Synopsis: Ida, an orphan, has been raised in a convent in post second world war Poland but a couple of weeks before taking her orders the mother superior sends her to see an aunt where she discovers who she really is.
Stan's thoughts: Missed this when it was released back in September and I kept hearing such good things that I pounced on a scheduled screening at the Soho Curzon yesterday morning - presumably it's been re-released for awards season.
And I'm so glad I caught it because it is such a beautiful film. It is subtle and quiet, like the central character Ida and every shot is like a beautifully composed photograph, dripping with atmosphere and meaning.
Ida is prepossessing in looks and character, gentle and innocent but certainly not quite as naive as you might think given her upbringing. Agata Trzebuchowska gives one of the subtlest and most intelligent performances I've ever seen. Always perfectly composed she doesn't say much but there is something in her eyes and in a quiet look that communicates volumes. The success in the performance is that by the end you feel like you completely understand her even when the path she takes is unexpected.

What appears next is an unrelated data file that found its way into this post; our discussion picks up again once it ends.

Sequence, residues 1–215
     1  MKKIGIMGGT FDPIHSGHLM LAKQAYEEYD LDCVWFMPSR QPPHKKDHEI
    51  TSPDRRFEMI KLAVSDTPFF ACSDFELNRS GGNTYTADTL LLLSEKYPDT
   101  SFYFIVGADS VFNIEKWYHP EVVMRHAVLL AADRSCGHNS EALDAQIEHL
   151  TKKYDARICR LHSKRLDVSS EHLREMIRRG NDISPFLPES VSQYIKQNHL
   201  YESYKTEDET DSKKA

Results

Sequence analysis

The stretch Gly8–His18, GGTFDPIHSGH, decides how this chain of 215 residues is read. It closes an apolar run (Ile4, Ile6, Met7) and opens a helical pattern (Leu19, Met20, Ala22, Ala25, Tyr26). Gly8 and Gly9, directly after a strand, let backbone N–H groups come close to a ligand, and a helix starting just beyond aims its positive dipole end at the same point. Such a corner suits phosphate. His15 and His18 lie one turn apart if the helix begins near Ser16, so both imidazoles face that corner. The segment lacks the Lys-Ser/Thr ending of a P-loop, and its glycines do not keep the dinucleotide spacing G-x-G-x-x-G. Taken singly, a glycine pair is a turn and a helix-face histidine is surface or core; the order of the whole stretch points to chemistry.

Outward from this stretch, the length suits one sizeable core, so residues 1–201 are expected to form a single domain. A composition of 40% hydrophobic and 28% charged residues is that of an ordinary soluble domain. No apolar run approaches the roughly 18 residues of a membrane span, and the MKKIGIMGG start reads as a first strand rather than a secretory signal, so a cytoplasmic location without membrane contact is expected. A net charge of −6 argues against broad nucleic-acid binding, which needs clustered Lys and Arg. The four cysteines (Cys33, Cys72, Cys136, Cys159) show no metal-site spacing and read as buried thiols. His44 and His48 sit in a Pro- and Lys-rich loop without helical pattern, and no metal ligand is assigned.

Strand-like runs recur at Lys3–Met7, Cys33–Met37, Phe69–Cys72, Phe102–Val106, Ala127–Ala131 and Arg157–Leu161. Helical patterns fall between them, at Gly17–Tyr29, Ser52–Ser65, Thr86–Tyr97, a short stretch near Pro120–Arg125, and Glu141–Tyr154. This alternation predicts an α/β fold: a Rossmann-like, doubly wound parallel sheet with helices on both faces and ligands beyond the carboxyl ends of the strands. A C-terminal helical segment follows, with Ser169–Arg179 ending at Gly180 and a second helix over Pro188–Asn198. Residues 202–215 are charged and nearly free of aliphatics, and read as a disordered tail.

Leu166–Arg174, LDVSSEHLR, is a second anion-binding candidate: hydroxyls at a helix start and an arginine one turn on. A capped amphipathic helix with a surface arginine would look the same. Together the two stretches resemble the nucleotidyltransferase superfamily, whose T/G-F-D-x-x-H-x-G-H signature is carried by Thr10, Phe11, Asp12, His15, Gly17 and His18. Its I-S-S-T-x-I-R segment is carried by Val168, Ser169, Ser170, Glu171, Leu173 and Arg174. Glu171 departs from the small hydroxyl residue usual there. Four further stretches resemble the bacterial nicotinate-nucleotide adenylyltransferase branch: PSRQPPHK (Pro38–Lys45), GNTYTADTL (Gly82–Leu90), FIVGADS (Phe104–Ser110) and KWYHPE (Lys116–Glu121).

It's shortlisted for best foreign film and cinematography Oscars and deservedly so for both. Pawel Pawlikowski writes and directs with such empathy for the subject matter. The politics and history of the period are all there but they never overcrowd Ida's story. It is shot in black and white and the two directors of photography Lukasz Zal and Ryszard Lenczewski capture the stark 1960s Polish landscape and yet still make it beautiful.
I'll be backing Ida at the Oscars.
- Stan’s 90%
- IMDB 75%
- Metascore 90%
- Rotten Tomatoes 96%
- RT Audience Rating* 80%
* Number of people rating 3.5/5 or higher